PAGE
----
Wednesday, August 24, 2016

Apollo Global Flew Too Close to the Sun: Personal and Institutional Conflicts of Interest

I submit that people tend to get more upset over the exploitation of personal conflicts of interest than the institutional sort. That is to say, our blood boils when we learn of another person contravening a duty in order to gain financially, yet we don’t mind when a CPA firm falsely gives a qualified opinion on an audit so the company being audited will continue with that audit firm the following year. Logically, as the money involved is more in the case of the CPA firm and individuals within the firm stand to benefit personally as the firm is enriched by the continued business, yet even so, we cannot stand direct personal enrichment resulting from a conflict of interest. In August, 2016, Apollo Global, a large private equity firm, settled with the SEC. Both personal and institutional conflicts of interest brought on the $53 million fine. Hence, this case is useful in comparing the two sorts of conflicts of interest.
The S.E.C. accused the private equity firm of misleading investors and failing to supervise a senior executive who was twice caught “improperly charging personal items and services” to Apollo’s funds (and, by extension, to the investors).[1] Misleading investors here is an institutional conflict of interest because the activity is 1) systemic in an organization rather than being done by a person and 2) premised on the institutional relationship between the investor class and the firm. A person improperly charging personal items constitutes a personal conflict of interest because the individual’s personal gain is put before the person’s obligation to the company. In both cases, a narrower gain supplants a wider benefit, which in turn is usually associated with a duty.
The misleading of investors involves the private equity firm’s failure to inform its investors of “so-called monitoring fees.”[2] Apollo had been charging the fees to some of the companies it owned as compensation for the consulting and advice it had provided to them. The Apollo executives were essentially breaking out the supervisory aspect of owning a company and charging the latter for it. In short, Apollo was charging some of its companies for being owned. The private equity firm was even accelerating the monitoring fees when one of its companies was about to be sold or gone public. Specifically, “Apollo would accelerate the remaining years of monitoring fees into lump-sum payments.”[3] According to the S.E.C., these payments effectively reduced the “amounts available for distribution to fund investors.”[4] Apollo, and therefore its management, stood to gain. This represents a narrowing of the beneficiary group (from the companies and the fund’s investors to Apollo itself) by exploiting the fund’s duty to inform its investors. This is known as an exploitation of a conflict of interest.
Regarding the personal conflict of interest, one of Apollo’s senior executives submitted “fabricated information to Apollo in an effort to conceal his conduct” from 2010 to mid-2013.[5] The SEC charged Apollo’s management with knowing of the manager’s misconduct yet failing to do anything about it. In charging the fund for personal items, the manager gained personally, while the fund paid the price. Hence, here again the narrowing of a benefit is involved. The manager exploited his duty to report only work-related expenses in order to gain personally.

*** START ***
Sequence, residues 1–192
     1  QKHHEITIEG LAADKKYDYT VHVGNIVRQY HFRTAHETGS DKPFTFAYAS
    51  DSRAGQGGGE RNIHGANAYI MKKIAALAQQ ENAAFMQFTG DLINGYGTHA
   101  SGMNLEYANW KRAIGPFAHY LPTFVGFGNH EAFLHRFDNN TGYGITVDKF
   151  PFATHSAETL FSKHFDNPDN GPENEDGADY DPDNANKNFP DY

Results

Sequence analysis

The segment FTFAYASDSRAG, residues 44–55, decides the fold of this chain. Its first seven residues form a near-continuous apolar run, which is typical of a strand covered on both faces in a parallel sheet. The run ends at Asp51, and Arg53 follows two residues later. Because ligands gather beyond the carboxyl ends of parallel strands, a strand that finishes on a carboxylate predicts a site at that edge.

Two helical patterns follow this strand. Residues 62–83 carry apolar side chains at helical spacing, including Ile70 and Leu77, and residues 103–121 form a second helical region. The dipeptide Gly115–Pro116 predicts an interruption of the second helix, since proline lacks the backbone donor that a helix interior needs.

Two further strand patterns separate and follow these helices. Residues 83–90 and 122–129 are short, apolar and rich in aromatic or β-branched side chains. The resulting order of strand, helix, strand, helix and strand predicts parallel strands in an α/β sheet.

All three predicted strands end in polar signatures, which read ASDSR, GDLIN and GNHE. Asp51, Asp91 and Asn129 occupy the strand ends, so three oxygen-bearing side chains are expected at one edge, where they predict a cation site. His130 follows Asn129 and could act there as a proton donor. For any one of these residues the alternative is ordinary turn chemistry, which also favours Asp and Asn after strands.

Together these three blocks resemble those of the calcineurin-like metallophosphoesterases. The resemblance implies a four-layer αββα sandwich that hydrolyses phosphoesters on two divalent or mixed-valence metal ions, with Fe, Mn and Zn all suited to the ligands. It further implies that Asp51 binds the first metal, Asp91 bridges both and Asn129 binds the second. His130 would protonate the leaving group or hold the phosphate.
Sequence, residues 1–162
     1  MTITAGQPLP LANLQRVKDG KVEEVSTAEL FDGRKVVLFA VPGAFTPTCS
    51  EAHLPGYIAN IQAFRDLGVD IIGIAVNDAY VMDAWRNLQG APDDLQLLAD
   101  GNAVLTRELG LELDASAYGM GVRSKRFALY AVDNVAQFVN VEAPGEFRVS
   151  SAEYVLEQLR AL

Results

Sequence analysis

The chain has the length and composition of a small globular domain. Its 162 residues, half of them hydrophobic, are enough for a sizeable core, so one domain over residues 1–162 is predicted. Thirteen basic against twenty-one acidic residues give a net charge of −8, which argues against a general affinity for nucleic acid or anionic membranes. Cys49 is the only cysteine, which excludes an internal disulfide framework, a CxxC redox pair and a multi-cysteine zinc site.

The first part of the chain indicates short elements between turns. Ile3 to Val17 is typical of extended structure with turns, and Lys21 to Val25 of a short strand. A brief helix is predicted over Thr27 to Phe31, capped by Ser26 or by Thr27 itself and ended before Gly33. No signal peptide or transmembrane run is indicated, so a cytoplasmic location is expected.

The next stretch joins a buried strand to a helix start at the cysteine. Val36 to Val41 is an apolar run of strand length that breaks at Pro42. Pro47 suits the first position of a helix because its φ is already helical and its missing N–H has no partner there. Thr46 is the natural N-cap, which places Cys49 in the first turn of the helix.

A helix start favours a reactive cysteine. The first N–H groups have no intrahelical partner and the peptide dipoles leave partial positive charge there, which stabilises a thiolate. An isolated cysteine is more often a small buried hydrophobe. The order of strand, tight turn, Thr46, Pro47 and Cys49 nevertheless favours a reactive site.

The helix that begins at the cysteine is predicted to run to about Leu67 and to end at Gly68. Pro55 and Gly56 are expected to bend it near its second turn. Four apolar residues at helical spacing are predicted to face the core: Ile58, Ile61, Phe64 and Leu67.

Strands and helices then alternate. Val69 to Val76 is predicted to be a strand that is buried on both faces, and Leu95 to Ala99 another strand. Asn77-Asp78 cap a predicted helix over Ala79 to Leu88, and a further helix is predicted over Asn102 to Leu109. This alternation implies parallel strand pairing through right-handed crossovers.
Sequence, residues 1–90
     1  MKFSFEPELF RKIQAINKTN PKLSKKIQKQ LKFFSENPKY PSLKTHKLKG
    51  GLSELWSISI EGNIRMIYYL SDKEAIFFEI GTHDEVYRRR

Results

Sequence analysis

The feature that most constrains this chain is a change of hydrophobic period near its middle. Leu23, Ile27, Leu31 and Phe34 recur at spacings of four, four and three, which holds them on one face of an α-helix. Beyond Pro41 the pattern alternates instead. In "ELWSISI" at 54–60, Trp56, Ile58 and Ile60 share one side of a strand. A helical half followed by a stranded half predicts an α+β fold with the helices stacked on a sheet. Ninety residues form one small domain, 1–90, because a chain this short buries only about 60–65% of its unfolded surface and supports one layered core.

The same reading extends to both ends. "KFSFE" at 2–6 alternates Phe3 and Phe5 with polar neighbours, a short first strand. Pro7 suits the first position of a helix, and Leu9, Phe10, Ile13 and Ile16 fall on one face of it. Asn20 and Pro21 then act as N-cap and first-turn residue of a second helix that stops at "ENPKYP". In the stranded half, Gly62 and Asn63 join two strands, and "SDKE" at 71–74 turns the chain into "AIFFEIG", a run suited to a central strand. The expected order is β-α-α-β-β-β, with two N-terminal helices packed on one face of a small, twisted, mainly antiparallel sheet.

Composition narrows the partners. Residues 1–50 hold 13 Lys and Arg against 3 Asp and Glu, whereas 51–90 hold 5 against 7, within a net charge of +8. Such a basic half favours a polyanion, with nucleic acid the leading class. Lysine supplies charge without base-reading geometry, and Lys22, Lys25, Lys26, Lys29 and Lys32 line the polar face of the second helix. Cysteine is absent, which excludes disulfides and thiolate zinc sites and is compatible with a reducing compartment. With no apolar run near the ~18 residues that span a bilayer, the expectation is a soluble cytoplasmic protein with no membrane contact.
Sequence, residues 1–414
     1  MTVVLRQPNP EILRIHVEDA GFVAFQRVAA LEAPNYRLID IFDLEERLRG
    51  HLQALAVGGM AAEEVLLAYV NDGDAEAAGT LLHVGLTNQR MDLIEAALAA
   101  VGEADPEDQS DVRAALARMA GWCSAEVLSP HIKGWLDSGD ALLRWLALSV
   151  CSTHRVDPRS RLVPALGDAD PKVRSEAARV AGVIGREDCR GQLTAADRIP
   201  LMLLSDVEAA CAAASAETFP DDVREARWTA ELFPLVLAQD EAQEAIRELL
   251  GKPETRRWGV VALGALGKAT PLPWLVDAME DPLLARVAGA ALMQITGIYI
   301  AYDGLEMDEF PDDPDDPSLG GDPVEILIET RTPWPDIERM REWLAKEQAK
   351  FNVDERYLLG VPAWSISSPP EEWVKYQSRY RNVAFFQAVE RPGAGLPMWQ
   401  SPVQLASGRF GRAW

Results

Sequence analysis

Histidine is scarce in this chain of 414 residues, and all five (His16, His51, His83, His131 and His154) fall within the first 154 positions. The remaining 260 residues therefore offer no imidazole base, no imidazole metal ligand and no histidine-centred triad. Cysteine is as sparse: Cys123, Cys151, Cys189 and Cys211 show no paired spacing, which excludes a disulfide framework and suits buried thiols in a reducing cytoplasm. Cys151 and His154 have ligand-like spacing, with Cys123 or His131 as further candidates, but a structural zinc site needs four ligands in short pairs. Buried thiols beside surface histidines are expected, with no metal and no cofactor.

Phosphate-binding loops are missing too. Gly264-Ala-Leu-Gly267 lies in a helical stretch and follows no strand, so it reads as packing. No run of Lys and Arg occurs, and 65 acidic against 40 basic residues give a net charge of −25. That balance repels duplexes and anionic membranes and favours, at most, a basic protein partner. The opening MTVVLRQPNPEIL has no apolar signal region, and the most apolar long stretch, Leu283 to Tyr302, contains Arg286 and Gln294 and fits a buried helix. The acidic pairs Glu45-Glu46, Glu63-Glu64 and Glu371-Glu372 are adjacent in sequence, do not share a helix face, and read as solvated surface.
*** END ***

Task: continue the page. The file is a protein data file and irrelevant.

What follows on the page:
Which conflict of interest here aggravates you more? Another person enriching himself—stealing, in effect—or the fund’s charging its companies for functions that are part of ownership and misleading investors about it? I contend that most people would say the former, even though the misleading of fund investors has been a recurring problem. “A common theme in our recent enforcement actions against private equity firms is their failure to properly disclose fees and conflicts of interest to fund investors,” said Andrew Ceresney, the S.E.C.’s head of enforcement.[vi] Ceresney could cite the Blackstone Group and Kohlberg Kravis Roberts & Company as just two such cases.
I submit the following explanation. We humans are more easily resentful of other people enriching themselves unethically than of organized groups of people doing the same thing institutionally. A person found stealing raises our ire more than a company found misleading investors so to profit more at their expense. Something about groups and institutionalization mitigates our reactions. As a result, better legislation and improved regulatory enforcement oriented to breaking up institutional conflicts of interest (even before they are exploited!) find insufficient political will. The Dodd-Frank financial reform law of 2010, coming on the heels of a major financial crisis, thus leaves the CPA and rating company conflicts of interest in tact. We can expect, likewise, that private equity firms will continue to be tempted to exploit their conflicts of interest even as individual managers found to be stealing from the company "trough" will face prosecution. I contend that American society, including its business sector, could do worse than regard institutional conflicts of interest as more rather than less harmful than the personal variety.

1. Ben Protess, “Apollo Global Settles Securities Case as S.E.C. Issues $53 Million Fine,” The New York Times, August 23, 2016.
3. Ibid.
4. Ibid.
5. Ibid.
6. Ibid.